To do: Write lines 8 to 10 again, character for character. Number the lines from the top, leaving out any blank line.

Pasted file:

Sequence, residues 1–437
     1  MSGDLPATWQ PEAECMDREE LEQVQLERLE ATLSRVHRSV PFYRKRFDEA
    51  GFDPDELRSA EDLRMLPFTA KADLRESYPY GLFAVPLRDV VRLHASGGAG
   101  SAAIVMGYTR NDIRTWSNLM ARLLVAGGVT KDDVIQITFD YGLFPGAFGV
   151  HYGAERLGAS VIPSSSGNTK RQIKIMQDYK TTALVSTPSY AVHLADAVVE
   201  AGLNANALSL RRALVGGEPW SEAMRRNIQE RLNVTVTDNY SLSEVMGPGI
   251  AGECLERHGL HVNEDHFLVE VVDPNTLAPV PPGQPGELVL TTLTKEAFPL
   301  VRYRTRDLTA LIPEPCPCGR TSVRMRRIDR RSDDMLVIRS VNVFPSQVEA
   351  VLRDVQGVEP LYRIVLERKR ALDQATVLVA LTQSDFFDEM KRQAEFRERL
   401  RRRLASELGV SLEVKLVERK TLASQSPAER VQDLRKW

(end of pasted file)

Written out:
   301  VRYRTRDLTA LIPEPCPCGR TSVRMRRIDR RSDDMLVIRS VNVFPSQVEA
   351  VLRDVQGVEP LYRIVLERKR ALDQATVLVA LTQSDFFDEM KRQAEFRERL
   401  RRRLASELGV SLEVKLVERK TLASQSPAER VQDLRKW